While evolutionary trends have long received much attention and have been widely disputed, new methods are now allowing the testing of directional hypotheses with increased rigor. Here, we test a general hypothesis about the way many kinds of discrete characters are thought to evolve, termed oligomerization. This is the tendency for serial structures (such as arthropod body and appendage segments) or armature (such as spines) to evolve primarily through loss and fusion. Focusing on the Crustacea, we use maximum likelihood methods to test for directional evolution in a large sample (> 500) of discrete traits, analyzed against molecular-based phylogenies. We find evidence for a significant trend toward trait loss, in accordance with the reduction principle. However, this trend is far from ubiquitous, with many characters exhibiting a reconstructed bias toward gains. These results suggest that caution must be used before drawing conclusions about which taxa are “primitive” or about the directionality of morphological shifts in the absence of phylogenetic analysis. Nevertheless, oligomerization—as a trend rather than a law—may be an important process that influences evolutionary trajectories from both morphological and functional perspectives.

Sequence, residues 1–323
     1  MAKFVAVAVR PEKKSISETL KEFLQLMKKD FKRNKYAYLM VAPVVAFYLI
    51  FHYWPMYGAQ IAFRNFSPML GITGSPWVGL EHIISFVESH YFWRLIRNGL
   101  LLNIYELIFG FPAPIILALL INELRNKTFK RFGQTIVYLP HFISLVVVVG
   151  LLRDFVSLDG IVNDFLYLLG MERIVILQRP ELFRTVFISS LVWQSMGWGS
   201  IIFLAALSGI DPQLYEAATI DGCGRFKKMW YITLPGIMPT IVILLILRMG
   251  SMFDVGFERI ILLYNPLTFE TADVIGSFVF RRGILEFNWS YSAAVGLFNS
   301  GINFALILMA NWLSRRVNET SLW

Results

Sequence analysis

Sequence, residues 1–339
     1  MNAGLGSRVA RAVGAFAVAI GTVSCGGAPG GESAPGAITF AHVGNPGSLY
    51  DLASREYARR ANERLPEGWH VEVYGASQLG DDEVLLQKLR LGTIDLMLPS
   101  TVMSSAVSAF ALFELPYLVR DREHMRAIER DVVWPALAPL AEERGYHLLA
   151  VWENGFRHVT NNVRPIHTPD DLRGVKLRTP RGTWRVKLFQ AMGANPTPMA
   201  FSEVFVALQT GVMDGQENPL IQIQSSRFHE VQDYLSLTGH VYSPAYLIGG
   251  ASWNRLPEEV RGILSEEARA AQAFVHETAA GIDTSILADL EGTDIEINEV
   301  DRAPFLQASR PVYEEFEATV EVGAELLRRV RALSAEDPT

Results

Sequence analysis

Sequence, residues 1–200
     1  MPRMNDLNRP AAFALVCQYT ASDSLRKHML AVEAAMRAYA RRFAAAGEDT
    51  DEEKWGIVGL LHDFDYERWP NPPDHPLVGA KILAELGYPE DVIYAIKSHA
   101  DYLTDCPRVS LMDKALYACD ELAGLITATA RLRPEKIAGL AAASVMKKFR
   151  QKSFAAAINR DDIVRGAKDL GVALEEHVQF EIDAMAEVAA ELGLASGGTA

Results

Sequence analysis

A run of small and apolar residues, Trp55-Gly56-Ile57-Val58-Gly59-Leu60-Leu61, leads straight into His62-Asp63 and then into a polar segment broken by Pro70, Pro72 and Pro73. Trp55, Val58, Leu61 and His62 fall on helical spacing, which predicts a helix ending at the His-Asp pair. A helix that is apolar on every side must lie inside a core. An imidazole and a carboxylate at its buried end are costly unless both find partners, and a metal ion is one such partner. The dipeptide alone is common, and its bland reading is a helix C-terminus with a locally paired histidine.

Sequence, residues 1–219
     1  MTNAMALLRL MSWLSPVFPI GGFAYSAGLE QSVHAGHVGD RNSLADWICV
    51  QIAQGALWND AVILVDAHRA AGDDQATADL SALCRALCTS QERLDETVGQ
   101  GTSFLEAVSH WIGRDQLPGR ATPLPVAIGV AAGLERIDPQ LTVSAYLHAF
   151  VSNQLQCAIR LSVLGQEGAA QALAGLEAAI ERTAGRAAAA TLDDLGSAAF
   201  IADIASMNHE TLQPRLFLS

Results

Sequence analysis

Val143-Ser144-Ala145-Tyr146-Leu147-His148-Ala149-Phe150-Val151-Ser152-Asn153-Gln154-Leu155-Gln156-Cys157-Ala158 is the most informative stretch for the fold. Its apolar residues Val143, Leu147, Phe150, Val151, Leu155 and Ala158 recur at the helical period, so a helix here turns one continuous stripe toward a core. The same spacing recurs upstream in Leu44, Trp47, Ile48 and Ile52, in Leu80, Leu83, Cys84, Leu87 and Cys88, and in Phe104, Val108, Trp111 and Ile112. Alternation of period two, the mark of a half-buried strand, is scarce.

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Vol. 60 • No. 7